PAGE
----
Drone sighting temporarily halts flights at New Jersey’s Newark Airport
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Drone sighting temporarily halts flights at New Jersey’s Newark Airport

Incident comes after two main airports in the UK were shut due to unmanned aircraft affecting commercial air travel

In this Sept. 8, 2008 file photo, planes are parked at terminals at Newark Liberty International Airport in Newark, N.J. Federal aviation authorities stopped flights from flying into and out of Newark Liberty International Airport on Tuesday, Jan. 22, 2019, due to reports of drones spotted above nearby Teterboro Airport. Reports say the drones were no longer in the airspace and flights had resumed landing at Newark on Tuesday evening. (AP Photo/Mark Lennihan)
In this Sept. 8, 2008 file photo, planes are parked at terminals at Newark Liberty International Airport in Newark, N.J. Federal aviation authorities stopped flights from flying into and out of Newark Liberty International Airport on Tuesday, Jan. 22, 2019, due to reports of drones spotted above nearby Teterboro Airport. Reports say the drones were no longer in the airspace and flights had resumed landing at Newark on Tuesday evening. (AP Photo/Mark Lennihan)

NEWARK, New Jersey  — Flight arrivals at Newark Airport were briefly suspended Tuesday evening after a drone was spotted over another nearby airport, officials said, in the latest incident of the unmanned aircraft affecting commercial air travel.

At about 5 p.m., the Federal Aviation Administration received two reports from flights headed to Newark that they had spotted a drone about 3,500 feet (1,000 meters) over nearby Teterboro Airport. The administration said in a statement that arriving flights were held briefly but resumed after no further sightings were reported.

The airport, which serves New York City, said just after 7 p.m. that it was operating normally again. The FAA had no reports of delays at the airport on its website.

Brett Sosnik was on a United Airlines flight bound for Newark when the pilot told passengers that they would be circling in the air because of a drone spotted in Newark airspace. Sosnik, who was returning from the Bahamas, said his plane circled for about half an hour.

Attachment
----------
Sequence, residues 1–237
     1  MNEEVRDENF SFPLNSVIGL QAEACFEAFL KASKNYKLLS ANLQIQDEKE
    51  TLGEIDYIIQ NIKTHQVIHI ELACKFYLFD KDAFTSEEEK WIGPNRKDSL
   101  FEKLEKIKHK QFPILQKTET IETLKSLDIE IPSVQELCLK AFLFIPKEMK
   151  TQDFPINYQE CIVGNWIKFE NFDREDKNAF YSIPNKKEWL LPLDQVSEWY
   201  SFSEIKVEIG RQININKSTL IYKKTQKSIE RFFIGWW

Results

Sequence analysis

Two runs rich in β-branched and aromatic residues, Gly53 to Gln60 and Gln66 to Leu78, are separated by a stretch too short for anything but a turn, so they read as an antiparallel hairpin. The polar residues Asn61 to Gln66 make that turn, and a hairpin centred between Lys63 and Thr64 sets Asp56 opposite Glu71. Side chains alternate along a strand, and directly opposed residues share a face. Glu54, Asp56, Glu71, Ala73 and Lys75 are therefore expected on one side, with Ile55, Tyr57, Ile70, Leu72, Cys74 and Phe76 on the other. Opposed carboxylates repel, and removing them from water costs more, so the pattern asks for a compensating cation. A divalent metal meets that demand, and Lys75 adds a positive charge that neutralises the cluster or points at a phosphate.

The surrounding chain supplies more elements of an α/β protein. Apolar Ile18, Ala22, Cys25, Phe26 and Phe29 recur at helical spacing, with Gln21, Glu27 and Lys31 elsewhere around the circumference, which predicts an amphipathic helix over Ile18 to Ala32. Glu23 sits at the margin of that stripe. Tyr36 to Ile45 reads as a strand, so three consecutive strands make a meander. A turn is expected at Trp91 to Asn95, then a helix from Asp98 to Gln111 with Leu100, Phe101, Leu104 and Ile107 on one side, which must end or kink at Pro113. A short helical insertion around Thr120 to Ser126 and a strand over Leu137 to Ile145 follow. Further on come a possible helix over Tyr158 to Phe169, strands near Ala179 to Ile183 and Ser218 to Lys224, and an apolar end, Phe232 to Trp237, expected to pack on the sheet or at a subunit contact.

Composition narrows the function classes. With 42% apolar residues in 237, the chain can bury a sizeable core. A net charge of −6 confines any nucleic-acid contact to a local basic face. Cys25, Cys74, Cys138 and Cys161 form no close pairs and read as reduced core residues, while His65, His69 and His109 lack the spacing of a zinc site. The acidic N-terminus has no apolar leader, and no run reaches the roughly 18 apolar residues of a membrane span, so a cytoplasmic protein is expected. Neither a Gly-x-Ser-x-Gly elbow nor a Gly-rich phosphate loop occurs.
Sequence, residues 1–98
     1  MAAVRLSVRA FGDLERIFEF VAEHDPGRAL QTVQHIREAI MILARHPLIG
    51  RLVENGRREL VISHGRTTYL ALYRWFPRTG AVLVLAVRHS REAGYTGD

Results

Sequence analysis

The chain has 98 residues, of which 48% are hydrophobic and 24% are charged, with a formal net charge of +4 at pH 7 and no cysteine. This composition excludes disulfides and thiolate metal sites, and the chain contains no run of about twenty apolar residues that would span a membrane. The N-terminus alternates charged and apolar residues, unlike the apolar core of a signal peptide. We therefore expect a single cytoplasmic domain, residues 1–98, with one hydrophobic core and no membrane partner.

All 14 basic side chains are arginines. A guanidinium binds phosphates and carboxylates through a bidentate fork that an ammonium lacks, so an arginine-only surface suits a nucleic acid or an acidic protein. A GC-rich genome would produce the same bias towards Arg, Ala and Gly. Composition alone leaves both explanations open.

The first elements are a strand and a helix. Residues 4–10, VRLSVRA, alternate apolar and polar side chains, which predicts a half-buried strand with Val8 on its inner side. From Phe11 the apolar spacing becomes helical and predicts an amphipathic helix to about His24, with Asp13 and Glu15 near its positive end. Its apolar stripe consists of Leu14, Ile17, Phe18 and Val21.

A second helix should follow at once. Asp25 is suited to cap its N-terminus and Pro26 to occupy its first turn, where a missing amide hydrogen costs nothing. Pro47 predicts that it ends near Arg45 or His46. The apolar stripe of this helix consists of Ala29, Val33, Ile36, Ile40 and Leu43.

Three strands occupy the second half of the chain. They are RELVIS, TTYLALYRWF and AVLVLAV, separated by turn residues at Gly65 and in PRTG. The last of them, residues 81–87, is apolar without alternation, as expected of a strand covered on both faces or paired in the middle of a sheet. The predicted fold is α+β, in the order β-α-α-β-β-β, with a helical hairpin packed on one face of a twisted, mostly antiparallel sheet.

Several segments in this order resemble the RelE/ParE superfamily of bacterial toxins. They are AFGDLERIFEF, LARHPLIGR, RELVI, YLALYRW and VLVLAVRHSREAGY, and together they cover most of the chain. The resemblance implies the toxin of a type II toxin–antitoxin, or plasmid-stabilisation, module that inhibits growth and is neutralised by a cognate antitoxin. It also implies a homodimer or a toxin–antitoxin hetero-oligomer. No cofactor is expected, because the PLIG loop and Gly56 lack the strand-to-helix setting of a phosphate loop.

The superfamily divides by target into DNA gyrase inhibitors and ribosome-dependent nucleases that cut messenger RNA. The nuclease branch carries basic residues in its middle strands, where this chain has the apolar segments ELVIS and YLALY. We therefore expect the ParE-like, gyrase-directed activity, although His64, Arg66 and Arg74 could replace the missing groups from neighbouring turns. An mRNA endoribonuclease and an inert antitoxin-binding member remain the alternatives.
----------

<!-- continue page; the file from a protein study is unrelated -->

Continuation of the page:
“I was looking around trying to find a drone in the air when we were closer to landing, but I didn’t see anything,” said Sosnik, a New York City resident who works in marketing. “There’s got to be a way to combat that stuff and not have it affect huge airports with such a little piece of technology.”

United Airlines commercial jets sit at a gate at Terminal C of Newark Liberty International Airport, Wednesday, July 18, 2018, in Newark, N.J. (AP Photo/Julio Cortez)

United Airlines spokesman Robert Einhorn said the impact on its operations “has been minimal so far.”

London’s Heathrow Airport briefly halted departing flights earlier this month after a reported drone sighting — just three weeks after multiple reports of drone sightings caused travel chaos at nearby Gatwick Airport.

In the US, unless the operator gets a waiver from the FAA, drones are not allowed within 5 miles (8 kilometers) of most airports, and are not supposed to fly above 400 feet (120 meters).

The British military reportedly used an Israeli anti-drone system to ground an unmanned aerial vehicle that shuttered Gatwick Airport for over 36 hours.

Counter drone equipment is deployed on a rooftop at Gatwick airport in Gatwick, England, December 21, 2018 (John Stillwell/PA via AP)

The Daily Mail reported that the British Army used the Israeli-made “Drone Dome” to bring down the UAV after police failed for hours to do so with a commercial anti-drone system.

Six of the systems, which were developed by Israeli defense firm Rafael, were sold to the UK Ministry of Defense in August in an estimated $20 million deal, according to Israel’s Globes financial daily.

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